Book review: Inside the Nudge Unit by David Halpern

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This originally appeared in the Culture section of The Sunday Times

On November 25, 2010, six months into government, David Cameron assembled a large group of journalists and commentators in the Treasury for a speech on national happiness. Flanking the prime minister was John Helliwell, a Canadian economist who has previously exhorted policy makers to sing, claiming a scientific justification, If You’re Happy and You Know it, Clap Your Hands at the start of meetings. David Halpern, the author of this intriguing book on a “quiet revolution” working through British politics, reveals that he stopped Helliwell from asking Cameron to croon just hours before the speech. “I apologise to posterity for this YouTube sensation that never was,” he writes.

Halpern is the director of Cameron’s elite Behavioural Insights Team (BIT) — also known as the Nudge Unit — which has brought an understanding of psychology to policy-making, communication with the electorate and, it turns out, the government’s ability to increase our contentment. Richard Thaler and Cass Sunstein’s Nudge (2009) outlined the theory: Halpern details its application in British politics.

Nudging, which recognises that humans are nowhere near as rational as traditional economic models have assumed, appears to have been a success of modern government. Few predicted this. As Halpern, a former Cambridge psychologist and sociologist, says: “It was a high-risk programme: a small team; a new idea [and] a crazy challenge”: to deliver at least a tenfold return within two years. Expecting or willing it to fail were “parliament; the 70,000 civil servants around Whitehall; 450,000 civil servants across the UK, 5m public servants; and of course the media and public”. Worse, one of its key supporters was Steve Hilton, Cameron’s controversial “blue-sky guru” and a man with enemies in cabinet and the civil service.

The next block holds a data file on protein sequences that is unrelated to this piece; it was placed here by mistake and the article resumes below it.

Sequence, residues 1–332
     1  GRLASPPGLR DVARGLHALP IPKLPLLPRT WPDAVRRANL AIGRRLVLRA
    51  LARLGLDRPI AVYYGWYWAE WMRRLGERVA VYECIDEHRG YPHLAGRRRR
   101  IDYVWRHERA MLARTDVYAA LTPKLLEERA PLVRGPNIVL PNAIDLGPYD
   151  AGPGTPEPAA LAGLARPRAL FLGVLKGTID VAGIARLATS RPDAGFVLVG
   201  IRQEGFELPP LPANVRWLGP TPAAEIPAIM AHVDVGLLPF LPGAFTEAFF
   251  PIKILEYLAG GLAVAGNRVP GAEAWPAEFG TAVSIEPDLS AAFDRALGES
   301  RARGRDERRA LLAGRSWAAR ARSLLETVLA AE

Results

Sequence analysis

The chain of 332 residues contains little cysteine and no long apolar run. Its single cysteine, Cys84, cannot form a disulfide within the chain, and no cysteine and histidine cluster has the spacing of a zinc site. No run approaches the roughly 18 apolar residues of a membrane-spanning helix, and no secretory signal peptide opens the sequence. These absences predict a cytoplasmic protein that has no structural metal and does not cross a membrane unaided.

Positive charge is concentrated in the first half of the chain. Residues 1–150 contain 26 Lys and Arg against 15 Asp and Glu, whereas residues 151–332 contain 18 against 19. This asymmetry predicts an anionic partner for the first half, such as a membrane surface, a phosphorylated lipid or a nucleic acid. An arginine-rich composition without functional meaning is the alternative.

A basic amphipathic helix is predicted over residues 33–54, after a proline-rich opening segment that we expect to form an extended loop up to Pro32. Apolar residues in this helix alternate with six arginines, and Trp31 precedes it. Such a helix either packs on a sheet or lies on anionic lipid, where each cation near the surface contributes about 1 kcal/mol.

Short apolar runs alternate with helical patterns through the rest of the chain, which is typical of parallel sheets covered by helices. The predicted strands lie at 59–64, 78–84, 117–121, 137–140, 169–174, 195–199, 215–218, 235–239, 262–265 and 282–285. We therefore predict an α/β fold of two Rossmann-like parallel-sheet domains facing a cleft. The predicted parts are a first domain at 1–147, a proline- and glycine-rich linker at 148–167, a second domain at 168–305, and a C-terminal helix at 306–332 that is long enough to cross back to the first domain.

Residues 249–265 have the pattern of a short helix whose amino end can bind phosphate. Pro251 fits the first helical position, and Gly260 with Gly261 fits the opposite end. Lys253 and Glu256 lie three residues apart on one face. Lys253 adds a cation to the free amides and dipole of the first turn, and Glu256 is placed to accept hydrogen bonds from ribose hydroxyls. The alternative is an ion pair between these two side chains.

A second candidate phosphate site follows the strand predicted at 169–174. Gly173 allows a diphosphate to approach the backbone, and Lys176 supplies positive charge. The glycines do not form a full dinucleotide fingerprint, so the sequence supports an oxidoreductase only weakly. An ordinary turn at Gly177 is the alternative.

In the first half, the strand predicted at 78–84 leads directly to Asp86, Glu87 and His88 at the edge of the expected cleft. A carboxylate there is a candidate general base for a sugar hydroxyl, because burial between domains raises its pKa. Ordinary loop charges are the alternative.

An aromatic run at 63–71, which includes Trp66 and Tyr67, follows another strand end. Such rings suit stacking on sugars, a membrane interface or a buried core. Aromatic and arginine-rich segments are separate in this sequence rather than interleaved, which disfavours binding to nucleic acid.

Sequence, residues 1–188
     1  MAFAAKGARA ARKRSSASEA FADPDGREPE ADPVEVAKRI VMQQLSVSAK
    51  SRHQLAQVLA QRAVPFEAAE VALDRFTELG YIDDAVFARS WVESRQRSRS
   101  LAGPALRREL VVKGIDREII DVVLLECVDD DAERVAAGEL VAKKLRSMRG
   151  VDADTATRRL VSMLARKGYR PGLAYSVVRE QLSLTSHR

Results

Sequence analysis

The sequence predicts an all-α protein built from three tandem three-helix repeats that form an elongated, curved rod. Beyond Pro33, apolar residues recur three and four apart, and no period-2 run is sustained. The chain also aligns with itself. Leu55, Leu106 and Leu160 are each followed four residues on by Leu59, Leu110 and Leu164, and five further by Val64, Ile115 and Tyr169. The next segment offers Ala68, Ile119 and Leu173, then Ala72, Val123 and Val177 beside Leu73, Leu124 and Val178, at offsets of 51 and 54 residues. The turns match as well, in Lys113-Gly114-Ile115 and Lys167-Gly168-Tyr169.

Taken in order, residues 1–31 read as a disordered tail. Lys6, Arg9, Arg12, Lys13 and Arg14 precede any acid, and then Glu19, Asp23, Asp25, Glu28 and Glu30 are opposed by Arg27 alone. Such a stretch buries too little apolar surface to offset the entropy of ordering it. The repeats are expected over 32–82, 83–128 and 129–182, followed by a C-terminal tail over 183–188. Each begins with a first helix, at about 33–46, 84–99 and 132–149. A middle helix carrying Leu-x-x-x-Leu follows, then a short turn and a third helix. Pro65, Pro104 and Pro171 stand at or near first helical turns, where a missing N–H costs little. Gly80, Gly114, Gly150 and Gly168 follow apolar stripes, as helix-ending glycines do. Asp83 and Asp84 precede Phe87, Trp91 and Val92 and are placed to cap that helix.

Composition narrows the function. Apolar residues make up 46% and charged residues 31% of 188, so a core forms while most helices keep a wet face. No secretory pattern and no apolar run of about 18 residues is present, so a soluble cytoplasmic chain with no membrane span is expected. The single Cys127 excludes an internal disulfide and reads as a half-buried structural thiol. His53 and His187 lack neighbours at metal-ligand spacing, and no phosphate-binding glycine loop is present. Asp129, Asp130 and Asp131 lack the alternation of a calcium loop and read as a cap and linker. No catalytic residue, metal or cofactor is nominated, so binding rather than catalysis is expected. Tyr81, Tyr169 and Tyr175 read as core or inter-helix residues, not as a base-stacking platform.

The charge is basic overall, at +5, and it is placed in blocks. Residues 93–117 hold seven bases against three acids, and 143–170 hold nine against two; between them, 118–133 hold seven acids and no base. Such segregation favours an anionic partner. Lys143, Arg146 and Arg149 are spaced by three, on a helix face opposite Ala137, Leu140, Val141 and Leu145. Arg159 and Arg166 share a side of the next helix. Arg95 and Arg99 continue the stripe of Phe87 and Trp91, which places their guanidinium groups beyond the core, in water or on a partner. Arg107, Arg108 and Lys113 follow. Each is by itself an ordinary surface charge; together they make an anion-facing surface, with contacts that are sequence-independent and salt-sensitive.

However, Halpern claims that nudging has, among other things, led to tens of millions of pounds in tax being collected that would have otherwise remained unpaid. The secret was for HMRC to change the wording of its letters so that recipients were told most people in their area had already paid. This affected what Halpern calls the “social” aspect of our subconscious, which means that, generally, we aim to follow our neighbours. He claims that the rewording led to a 16% increase in payment, at negligible cost.

Interestingly, people with the largest 1% of unpaid tax bills (those owing at least £30,000 a year) were most likely to pay after reading: “Not paying tax means we all lose out on vital public services like the NHS, roads and schools.” Realising that their contribution could pay for a teacher or nurse’s salary seems to have jolted the rich into getting out their chequebooks.

Nudging’s other successes include: 100,000 additional organ donors signing up to the national register each year; 20% more people considering changing energy provider, increasing the efficiency of the privatised market; a doubling in the number of army applicants; and more than 5m British workers saving for a pension. The key has often been to “remove friction”: it turns out that people will have their homes insulated if it comes with loft-clearance, irrespective of cost. Subsidies and tax-break proved insufficient: the hassle mattered more than the money.

Nudging, it seems, is here to stay. The BIT employs many more people than it did five years ago, and a sceptical public and press have been largely convinced. But as a century of economics-based policy-making is reconsidered, a new question surfaces. Where else are we and our leaders getting human nature wrong?

Feature: the ‘sharing economy’

Introducing Squid to Greg the shelf-builder

Introducing Squid to Greg the shelf-builder

This feature originally appeared in the Sunday Times

Squid, who has a queer name for a dog, arrives at my flat with his South African owner and a strained expression, then urinates with visible relief on the photographer’s bag.

I’ve booked him through a website with the twee name BorrowMyDoggy, whose staff, as pressingly enthusiastic as the noisiest handbag chihuahuas, sign off their emails with “Best woofs”.

You may know about the service: thousands of people have joined it. If you like dogs but circumstances make it difficult for you to own one, this can assuage you. And if you have a dog but are going on holiday or need a regular babysitter for it, the system makes it easier.